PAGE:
Cleaning Up

CCTs for reducing emissions from thermal plants

Coal-based power generation is the mainstay of power generation in the country, accounting for over 75 per cent of the generation in 2015-16 (provisional). Amidst growing environmental concerns, it is essential to put in place checks and balances to limit the harmful emissions from thermal power plants (TPP), including SO2, NOx, mercury emissions and particulate matter. Clean coal technologies (CCTs) play a vital role in curbing emissions from TPPs. As per the International Energy Agency, CCTs include coal upgrading, efficiency improvements at existing power plants, improved combustion technologies and other near-zero emission technologies. Besides, CCTs also lead to more efficient combustion of coal.

Types of CCTs

Some of the popular CCTs are supercritical boilers, fluidised-bed combustion (FBC), oxy-fuel combustion and integrated gasification combined cycle (IGCC) technologies. Besides this, emissions from TPPs can also be reduced through timely renovation and modernisation and the use of add-on devices/processes.

Supercritical technology

Supercritical boilers operate in high temperature and high pressure conditions, resulting in reduced fuel consumption as well as lower greenhouse gas emissions. Based on the steam conditions in the boiler, the technology is categorised into supercritical, advanced supercritical and ultra-supercritical technologies. In addition to the steam conditions, these boilers have other clean air technologies including impro-ved designs of burners, boiler furnaces and steam super-heaters and gas cleaning systems. Besides, supercritical and ultra-supercritical boilers have a higher capacity than subcritical boilers and, therefore, also lower the number of boiler units required for a given capacity.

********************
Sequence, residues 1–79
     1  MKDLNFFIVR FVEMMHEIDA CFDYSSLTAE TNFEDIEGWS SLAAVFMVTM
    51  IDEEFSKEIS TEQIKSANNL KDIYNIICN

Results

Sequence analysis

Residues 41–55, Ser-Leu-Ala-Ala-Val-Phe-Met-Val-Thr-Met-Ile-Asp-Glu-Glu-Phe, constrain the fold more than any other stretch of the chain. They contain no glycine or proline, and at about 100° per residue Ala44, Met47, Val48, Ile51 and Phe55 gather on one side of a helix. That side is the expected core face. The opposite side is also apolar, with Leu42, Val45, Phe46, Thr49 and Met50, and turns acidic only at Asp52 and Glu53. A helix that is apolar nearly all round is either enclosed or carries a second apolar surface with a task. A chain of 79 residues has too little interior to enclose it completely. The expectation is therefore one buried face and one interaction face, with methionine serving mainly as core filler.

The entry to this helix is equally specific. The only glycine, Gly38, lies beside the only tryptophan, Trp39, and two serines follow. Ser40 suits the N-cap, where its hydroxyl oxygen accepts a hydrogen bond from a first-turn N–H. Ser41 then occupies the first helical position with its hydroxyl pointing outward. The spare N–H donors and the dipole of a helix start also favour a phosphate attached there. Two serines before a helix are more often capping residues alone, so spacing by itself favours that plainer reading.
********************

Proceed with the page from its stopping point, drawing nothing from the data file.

The use of supercritical boilers is rapidly gaining traction in India. Adani Power Limited commissioned the first supercritical plant of the country at the 4,620 MW Mundra TPP in Gujarat. The boilers for the plant were imported from China. Currently, there is a lot of focus on increasing the localisation of supercritical technology in the country. In 2015-16, Bharat Heavy Electricals Limited (BHEL) supplied supercritical boilers to various TPPs in the country, including the 1,980 MW Lalitpur super thermal power project and the 1,000 MW Bellary TPP in Karnataka. Further, BHEL has formed a national consortium with NTPC Limited and the Indira Gandhi Centre for Atomic Research for indigenous development of 800 MW advanced ultra-supercritical power plants in the country under the National Mission on Clean Coal (Carbon) Technologies.


In FBC, coal combustion takes place in a combustion bed created using pressurised air. With strong airflow, the coal bed becomes highly turbulent and rapid mixing of particles occurs. This results in fluidisation of the coal and the formation of bubbles in a boiling liquid. FBC can be used to burn wide varieties of coal, including low-quality coal and waste coal, as well as biomass and other feedstock. Further, in this technology there is in-combustion sulphur removal by mixing crushed limestone/dolomite along with coal as well as lower NOx production due to low combustion temperatures. Another advantage of FBC is that it can be effectively used for combustion of large pieces of coal, thereby resulting in the saving of coal crushing costs.